“I’m not in love with you anymore” is actually OK. But honesty need not be a bludgeon, nor does it demand total disclosure. If you secretly think your partner is a complete snooze in bed, you’re probably better off keeping that opinion to yourself. “You have an obligation to watch out for the other person’s self-esteem,” Virginia’s Portmann says. “Do not cut them down in such a way that it’s impossible for them to have another successful relationship. Why rub salt in their wounds? That’s torture.”
“The message to get across is, ‘You’re not what I’m looking for,’” adds Florida State University psychologist Roy Baumeister. “That doesn’t imply that there’s something wrong or deficient about your partner.” It’s simply straightforward.
Such generic explanations ring false and communicate a lack of respect. You owe your partner a genuine explanation, however brief, of why things aren’t working. One big caveat: If you suspect that your partner might react violently to your decision to end the relationship, don’t stick around to justify your reasoning; safety comes first.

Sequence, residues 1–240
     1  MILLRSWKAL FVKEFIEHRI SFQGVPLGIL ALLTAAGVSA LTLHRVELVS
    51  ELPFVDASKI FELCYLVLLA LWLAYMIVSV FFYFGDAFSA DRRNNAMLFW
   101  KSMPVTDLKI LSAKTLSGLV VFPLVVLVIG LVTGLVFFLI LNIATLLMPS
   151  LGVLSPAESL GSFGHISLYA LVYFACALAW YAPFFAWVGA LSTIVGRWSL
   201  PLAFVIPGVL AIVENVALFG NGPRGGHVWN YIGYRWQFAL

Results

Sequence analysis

“It’s not a good idea because there’s never going to be agreement,” says Russell Friedman. “I’ll say, ‘This is what happened,’ and you’ll say, ‘No, no.’ ” Prolonged back-and-forth often degenerates into a fight—or worse: If your partner gains the upper hand, he or she may succeed in luring you back into a dysfunctional relationship you’ve decided you want to end.
Do not try to cushion the blow by suggesting future friendly meetups. “Saying ‘Let’s be friends’ might be a way for the rejecter to try to handle their own guilt, but it’s not always good for the person being rejected,” Baumeister observes. Such a misguided attempt to spare a partner pain can leave him or her hopeful there might be a chance at future reconciliation, which can hinder the efforts of both parties to move on.